1) As mentioned by Morgan and other people, there is a good patch of flowers on Figueroa Mt Rd in between Tunnel Rd (where the grassland area ends) and before the pavement ends at the fork for Vista point. This spot on the uphill left is very photogenic because of the dense concentration of poppies with lupines behind them. Also there is trail right next to the patch & you can just walk up & take pictures next to the flowers. There is also a good patch of flowers on the other side of the road on the downhill slope. Most likely you will see other cars parked on the side of the road at this location.
2) The next good location is going further up the mountain. Where the pavement ends go left at the fork going up 2 1/2 miles toward vista point. My passenger car was able to slowly go up this dirt & sometimes bumpy 1 lane road. If there is a vehicle going the opposite way, both have to find a spot to move over some to make space for one to pass. About halfway up there is a long turnoff to the right that almost looks like a camp spot. There is a good field of flowers here and just before the turnoff.
3) The third location further up is near Vista point. At the Pino Alta picnic area you go past it & keep going up till you get to the sign & fork in the road that goes left to Vista point. A few hundred yards before you get to the Vista Point there are good fields of purple lupines with poppies mixed in with them. From here you also have good views looking down & across from the mountain.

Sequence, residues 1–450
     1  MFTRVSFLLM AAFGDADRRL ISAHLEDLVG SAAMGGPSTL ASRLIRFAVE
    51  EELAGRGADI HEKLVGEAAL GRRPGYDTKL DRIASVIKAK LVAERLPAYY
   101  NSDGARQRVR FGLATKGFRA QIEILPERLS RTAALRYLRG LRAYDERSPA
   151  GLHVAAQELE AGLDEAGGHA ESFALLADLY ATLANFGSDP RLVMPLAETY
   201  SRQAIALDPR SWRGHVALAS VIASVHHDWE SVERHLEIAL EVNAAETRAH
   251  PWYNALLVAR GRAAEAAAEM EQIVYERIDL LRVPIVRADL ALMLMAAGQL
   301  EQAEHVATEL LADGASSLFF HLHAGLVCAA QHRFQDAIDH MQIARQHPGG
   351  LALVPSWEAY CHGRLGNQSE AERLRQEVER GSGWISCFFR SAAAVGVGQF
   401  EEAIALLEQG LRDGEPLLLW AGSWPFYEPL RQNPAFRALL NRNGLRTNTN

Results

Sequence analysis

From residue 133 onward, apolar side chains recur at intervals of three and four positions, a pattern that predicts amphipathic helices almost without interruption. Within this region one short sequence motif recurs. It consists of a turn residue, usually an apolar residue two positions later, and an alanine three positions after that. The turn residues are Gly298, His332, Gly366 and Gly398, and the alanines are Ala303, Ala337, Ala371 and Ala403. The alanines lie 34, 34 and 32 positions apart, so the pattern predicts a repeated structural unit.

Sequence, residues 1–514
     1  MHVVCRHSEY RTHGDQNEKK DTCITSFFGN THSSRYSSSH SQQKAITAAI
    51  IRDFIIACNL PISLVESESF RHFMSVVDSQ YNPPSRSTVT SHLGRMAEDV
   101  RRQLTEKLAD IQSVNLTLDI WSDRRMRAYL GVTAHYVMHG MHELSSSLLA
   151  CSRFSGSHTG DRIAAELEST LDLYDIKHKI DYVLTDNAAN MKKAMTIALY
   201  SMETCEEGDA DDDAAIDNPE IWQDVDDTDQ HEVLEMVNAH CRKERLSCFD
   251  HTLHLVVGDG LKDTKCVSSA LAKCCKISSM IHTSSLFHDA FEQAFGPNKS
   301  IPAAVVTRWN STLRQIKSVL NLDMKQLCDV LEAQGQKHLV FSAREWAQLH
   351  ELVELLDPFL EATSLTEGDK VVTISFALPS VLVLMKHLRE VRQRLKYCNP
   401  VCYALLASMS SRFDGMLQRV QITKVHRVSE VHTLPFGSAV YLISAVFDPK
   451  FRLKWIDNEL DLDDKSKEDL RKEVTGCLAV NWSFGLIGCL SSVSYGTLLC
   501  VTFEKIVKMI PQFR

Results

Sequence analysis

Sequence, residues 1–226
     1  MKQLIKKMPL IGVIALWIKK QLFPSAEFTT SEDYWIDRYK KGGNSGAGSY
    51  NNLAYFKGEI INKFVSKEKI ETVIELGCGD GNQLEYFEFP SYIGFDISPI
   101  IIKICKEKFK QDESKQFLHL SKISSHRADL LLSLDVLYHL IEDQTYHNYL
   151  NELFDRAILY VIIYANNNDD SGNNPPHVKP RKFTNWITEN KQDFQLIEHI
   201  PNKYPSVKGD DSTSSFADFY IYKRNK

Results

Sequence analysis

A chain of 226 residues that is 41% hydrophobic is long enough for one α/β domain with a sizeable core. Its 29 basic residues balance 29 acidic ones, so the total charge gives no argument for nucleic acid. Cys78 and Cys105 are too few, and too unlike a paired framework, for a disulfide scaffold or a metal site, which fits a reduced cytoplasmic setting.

Mar 26, 2015 Bob Report: Red Rock Canyon State Park is in full glory. Rivers of desert dandelions and gold fields can be seen along with other select flowers like owls clover, Mojave Aster, Parry Gilia, Davy Gilia, yellow peppergrass, Desert alyssum and Wallace eriophyllum. Bountiful flowers can be seen on both trails in the campground as well as on Hagan Trail and on the pullout before you get to Red Rock Canyon State Park near the tamarisk trees.
Mar 25, 2015 Shane Report: I did a wildflower photo shoot yesterday. Don't go to the Poppy Fields as they are completely gone due to the heat. The photos were taken 3/24/2015.
Heading west on Lancaster Road from the Antelope Poppy Preserve go straight when it makes the bend north at 190th Street. MapQuest shows this road as Lancaster Rd S. Take this road until the pavement ends (it crosses the California Aqueduct before doing so). If your car's not adverse to washboard dirt roads you can actually drive rite up to the hiking entrance gate. Past the gate, there's dirt road that takes you through the wildflower bloom. It was very windy.
Mar 23, 2015 Derbeh Report: Between Palmdale/Quartz Hill and Gorman, CA. Off Avenue L and 138 highway. Sunday, March 22, 2015.
Along Gorman Post Rd near Gorman. Sunday, March 22, 2015